December 9, 2005 The launch of a promising new hangover cure in Las Vegas next week marks an interesting time to reflect on man’s relationship with alcohol. Cheerz is a safe, natural nutrition supplement that has been clinically proven to combat hangover symptoms such as headaches and nausea by bolstering the body's ability to process acetaldehyde, alcohol's most toxic metabolite. The world per capita consumption of alcohol is higher than ever, having begun at the dawn of civilisation, with the Celts, Ancient Greeks, the Norse, Sumerians, Egyptians, Romans and Babylonians all producing, trading and consuming alcoholic drinks. The Romans and ancient Greeks both worshipped Gods of wine – Dionysus and Bacchus respectively. In different cultures, alcohol and its effects have been used medically, ritualistically and socially in many different ways to calm feuds, give courage in battle, seal pacts, celebrate festivals, and seduce lovers. The world has two billion alcohol drinkers of which 76.3 million have diagnosed alcohol use disorders. The global burden of alcohol consumption, is immense - causing 3.2% of deaths and 4.0% of the Disability-Adjusted Life Years lost along with widespread social, mental and emotional consequences. These are reflected, for example, as absenteeism or abuse in workplaces and in relationships. We attempted to estimate the number of hangovers and reduced productivity in the world each day and gave up – it’s a lot. Which all adds up to … bloody good idea! The vast majority are social drinkers who can now enjoy the desirable effects without the unhealthy toxicity. So if bartenders are going to ask customers to name their poison, maybe they should offer the antidote, too.  Read More

The Personal Radiation Detector

December 7, 2005 The GammaRAE II is a gamma radiation detector designed for first responders, but hey, it’ll come in handy if you never use it. Features include fast two second response as well as certified intrinsic safety for use in hazardous environments and the ability to be immersed in water for decontamination. The detection instrument, the GammaRAE II, detects gamma radiation at extremely low levels and is designed to alert first responders to the presence of radioactive material and aid in the capture of illicit "dirty bomb" materials. Designed as a front-line security device, this product provides life-critical, real-time detection of hidden radiation sources and delivers instantaneous feedback to law enforcement personnel including municipal police departments, border check-point personnel, hazmat teams, fire fighters and cargo port screeners. At US$995 it just might be a big seller this holiday and gift-giving period.  Read More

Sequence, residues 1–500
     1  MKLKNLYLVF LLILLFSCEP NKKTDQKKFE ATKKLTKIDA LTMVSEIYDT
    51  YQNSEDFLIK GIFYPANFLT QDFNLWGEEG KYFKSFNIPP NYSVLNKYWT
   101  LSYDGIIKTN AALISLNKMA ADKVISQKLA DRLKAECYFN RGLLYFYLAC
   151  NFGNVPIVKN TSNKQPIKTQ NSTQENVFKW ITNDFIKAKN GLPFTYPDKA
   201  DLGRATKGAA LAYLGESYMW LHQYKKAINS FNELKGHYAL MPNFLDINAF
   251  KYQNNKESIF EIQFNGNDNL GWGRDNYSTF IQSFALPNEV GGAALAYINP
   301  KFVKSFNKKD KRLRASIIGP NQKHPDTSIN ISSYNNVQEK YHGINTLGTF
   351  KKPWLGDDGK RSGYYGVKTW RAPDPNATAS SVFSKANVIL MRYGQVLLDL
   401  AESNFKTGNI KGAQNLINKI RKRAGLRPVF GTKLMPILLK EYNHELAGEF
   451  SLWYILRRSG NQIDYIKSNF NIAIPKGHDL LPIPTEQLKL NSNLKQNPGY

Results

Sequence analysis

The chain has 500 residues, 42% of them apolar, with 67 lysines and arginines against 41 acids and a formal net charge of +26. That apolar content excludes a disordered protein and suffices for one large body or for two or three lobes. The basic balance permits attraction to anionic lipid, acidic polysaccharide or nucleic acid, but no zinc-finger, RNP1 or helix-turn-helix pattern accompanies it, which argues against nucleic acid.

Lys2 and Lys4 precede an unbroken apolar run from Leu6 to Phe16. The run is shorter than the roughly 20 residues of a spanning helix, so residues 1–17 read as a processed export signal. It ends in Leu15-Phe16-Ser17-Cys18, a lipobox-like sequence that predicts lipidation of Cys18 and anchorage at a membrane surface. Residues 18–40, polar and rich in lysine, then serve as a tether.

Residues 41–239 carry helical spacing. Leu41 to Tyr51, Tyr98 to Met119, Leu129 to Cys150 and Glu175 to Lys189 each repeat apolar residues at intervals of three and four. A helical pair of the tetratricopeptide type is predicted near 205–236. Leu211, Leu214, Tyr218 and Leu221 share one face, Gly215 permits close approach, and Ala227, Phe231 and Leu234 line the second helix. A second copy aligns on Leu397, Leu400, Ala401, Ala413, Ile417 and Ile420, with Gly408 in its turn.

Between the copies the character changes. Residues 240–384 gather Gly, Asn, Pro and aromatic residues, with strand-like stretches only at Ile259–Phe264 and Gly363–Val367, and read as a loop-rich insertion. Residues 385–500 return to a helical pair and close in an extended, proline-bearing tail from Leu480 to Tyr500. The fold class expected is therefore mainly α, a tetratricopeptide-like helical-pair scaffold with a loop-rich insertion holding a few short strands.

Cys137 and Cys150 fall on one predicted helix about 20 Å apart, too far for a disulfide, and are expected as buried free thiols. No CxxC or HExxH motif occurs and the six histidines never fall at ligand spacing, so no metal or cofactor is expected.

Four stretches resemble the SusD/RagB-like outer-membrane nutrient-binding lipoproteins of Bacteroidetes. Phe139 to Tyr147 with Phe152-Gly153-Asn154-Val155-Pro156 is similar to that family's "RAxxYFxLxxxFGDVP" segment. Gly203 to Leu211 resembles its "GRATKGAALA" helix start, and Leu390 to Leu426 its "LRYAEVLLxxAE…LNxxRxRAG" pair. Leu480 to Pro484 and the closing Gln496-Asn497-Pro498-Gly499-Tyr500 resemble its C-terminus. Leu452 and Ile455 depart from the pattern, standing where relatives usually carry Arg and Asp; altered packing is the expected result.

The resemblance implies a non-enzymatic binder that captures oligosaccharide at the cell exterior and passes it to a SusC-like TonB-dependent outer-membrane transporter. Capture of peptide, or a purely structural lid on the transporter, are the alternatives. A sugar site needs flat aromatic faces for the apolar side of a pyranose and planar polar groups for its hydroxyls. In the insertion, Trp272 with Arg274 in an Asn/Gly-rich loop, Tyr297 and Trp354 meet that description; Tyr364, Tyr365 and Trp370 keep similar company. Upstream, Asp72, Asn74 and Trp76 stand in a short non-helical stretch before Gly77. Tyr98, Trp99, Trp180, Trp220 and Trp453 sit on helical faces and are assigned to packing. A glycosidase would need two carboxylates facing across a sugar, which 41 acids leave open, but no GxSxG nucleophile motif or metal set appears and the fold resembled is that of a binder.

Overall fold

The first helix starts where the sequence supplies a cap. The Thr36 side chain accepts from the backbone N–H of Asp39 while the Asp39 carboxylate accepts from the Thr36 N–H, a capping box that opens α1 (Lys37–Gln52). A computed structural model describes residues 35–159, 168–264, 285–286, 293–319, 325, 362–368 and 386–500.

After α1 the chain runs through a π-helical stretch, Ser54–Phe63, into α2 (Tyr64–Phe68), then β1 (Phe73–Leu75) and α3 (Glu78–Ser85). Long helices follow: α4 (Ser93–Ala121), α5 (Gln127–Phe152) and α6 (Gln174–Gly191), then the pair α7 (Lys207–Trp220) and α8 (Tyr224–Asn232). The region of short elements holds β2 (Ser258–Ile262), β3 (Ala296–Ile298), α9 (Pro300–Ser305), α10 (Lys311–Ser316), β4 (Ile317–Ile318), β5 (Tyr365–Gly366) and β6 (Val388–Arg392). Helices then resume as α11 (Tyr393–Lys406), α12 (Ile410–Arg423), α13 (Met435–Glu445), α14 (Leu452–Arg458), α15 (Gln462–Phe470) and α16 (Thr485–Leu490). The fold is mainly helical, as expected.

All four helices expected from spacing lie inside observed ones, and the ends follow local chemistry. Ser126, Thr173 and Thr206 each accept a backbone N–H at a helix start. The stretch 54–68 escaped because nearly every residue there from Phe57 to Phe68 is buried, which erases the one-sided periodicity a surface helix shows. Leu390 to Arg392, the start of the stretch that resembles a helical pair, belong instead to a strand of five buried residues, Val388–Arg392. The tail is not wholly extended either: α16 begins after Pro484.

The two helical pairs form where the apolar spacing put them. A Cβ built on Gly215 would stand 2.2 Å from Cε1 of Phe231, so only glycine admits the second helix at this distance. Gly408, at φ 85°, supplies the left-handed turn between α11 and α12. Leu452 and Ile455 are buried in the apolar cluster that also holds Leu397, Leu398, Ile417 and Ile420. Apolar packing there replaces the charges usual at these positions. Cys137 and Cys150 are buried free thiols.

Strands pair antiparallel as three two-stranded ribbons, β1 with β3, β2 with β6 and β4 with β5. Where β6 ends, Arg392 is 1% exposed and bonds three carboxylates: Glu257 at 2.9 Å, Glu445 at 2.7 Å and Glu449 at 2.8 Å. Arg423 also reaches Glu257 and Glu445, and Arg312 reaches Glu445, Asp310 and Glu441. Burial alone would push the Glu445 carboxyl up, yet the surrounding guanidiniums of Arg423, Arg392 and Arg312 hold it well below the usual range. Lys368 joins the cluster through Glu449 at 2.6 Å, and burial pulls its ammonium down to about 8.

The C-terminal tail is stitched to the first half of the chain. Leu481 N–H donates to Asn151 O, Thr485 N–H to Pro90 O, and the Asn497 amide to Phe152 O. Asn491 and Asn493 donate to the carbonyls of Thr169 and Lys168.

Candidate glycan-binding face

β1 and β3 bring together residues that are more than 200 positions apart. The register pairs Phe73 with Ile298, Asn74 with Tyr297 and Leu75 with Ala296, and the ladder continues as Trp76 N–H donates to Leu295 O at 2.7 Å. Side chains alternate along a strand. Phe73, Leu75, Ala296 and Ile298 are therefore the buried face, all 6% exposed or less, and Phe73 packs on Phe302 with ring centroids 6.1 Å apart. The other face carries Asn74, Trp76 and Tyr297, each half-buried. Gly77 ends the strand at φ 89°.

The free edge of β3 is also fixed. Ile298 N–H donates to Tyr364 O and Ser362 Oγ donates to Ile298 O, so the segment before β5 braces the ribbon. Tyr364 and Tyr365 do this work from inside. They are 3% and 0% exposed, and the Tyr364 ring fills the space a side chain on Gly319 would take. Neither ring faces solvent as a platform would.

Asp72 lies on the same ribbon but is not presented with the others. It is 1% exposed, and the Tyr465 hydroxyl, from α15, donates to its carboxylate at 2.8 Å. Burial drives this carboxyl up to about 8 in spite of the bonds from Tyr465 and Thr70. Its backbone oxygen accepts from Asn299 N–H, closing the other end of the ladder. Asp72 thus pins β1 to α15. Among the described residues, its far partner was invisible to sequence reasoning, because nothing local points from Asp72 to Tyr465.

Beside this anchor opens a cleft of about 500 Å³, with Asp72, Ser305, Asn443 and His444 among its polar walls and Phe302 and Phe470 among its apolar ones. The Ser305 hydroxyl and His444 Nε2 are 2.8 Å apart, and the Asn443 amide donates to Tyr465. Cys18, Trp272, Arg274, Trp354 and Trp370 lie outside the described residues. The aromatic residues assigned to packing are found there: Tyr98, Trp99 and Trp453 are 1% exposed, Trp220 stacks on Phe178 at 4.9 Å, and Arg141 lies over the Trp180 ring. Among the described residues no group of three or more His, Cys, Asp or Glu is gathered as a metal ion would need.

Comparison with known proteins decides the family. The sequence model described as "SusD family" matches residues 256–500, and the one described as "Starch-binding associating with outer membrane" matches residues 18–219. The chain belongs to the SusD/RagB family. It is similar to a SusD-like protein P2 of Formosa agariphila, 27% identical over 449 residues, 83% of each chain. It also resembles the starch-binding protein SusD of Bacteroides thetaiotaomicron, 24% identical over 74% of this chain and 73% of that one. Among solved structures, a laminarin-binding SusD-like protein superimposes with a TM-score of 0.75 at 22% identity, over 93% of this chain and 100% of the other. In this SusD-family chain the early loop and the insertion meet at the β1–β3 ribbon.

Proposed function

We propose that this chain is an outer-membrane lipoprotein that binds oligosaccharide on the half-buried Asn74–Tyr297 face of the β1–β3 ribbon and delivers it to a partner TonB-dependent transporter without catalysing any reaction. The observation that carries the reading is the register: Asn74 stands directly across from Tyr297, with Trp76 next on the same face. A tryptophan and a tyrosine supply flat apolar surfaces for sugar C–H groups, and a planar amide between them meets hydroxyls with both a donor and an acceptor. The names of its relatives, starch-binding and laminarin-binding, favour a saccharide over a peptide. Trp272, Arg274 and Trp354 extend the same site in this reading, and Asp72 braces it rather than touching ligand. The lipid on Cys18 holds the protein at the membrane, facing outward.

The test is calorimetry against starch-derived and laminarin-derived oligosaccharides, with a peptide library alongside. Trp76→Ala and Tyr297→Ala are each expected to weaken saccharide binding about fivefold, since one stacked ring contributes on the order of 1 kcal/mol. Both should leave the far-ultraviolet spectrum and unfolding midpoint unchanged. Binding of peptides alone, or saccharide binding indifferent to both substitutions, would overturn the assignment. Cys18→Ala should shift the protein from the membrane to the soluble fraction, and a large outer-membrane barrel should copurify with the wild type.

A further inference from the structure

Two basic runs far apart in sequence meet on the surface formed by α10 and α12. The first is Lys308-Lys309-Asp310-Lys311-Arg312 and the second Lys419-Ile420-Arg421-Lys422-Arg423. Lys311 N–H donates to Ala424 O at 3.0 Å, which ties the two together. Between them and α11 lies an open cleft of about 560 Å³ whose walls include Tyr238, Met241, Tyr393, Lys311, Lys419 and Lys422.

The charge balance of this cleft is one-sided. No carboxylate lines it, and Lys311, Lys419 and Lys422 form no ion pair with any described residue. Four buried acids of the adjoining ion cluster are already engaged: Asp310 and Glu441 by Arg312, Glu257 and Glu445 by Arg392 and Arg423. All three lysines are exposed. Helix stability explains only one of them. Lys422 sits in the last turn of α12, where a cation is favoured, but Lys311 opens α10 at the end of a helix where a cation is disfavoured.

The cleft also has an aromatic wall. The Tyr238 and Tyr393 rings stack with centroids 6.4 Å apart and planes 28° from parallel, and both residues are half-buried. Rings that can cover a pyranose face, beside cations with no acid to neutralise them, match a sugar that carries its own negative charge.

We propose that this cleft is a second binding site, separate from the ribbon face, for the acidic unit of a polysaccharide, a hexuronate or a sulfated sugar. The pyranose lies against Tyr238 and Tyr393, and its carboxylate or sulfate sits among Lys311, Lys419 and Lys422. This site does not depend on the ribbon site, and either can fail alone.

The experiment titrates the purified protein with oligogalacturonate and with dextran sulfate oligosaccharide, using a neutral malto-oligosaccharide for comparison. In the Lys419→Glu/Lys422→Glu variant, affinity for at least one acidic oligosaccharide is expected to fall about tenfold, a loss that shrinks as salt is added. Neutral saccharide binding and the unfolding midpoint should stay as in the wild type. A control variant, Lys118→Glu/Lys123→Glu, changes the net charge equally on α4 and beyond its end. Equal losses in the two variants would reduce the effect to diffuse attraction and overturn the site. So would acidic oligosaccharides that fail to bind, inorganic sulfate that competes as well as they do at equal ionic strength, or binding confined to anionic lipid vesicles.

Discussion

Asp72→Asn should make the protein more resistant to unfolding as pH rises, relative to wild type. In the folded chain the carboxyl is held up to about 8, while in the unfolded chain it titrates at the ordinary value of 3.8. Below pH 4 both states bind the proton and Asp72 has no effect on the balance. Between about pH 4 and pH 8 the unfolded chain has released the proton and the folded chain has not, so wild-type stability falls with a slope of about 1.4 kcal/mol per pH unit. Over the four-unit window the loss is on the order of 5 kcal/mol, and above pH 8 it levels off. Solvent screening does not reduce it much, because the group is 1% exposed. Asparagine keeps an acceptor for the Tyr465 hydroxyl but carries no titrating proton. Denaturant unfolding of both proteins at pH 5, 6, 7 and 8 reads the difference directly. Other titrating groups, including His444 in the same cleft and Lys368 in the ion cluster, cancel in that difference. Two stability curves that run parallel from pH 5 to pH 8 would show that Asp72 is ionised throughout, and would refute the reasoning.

The Bionic Hand takes shape

December 4, 2005 The popular television series The Bionic Man was probably the first inkling most of us had that one day man would be enhanced by machinery to better-than-new condition. The promise has been a long time in coming, but medical scientists across the world are advancing towards the implementation of bionic limbs. In July we reported on the work of Brazilian doctor Miguel Nicolelis, and now the CYBERHAND Project, which involves collaboration between six tertiary institutions across four countries (Spain, Germany, Italy and Denmark) has finally produced a bionic hand. The project team led by Paolo Dario with Professor Maria Chiara Carrozza leading the development of the hand, has been working on re-creating the natural link which exists between the hand and the Central Nervous System (CNS) and if all goes according to plan, the first of these bionic hands will be implanted inside a real human arm within two years.  Read More

Bone exercise monitor for potential osteoporosis sufferers

December 1, 2005 Osteoporosis is a serious health problem in most industrialized countries where 50% of women and 25% of men over 50 years of age will suffer an osteoporotic fracture. Over 75 million people are afflicted by osteoporosis in Europe, USA and Japan alone. Bone exercise is one the things that can significantly reduce the impact of osteoporosis and has led to the development of a new Bone Exercise Monitor which indicates whether the person using it has engaged in physical activities that may have been helpful in strengthening their bones. The Finish-developed Newtest Bone Exercise Monitor is a small device worn on the hip, and offers an excellent tool for 30 – 50 year-old women to monitor and evaluate the effectiveness of their bone exercise. The monitor measures and analyses the user’s physical activity in real-time and indicates the percentage of the required daily bone exercise that has been achieved.  Read More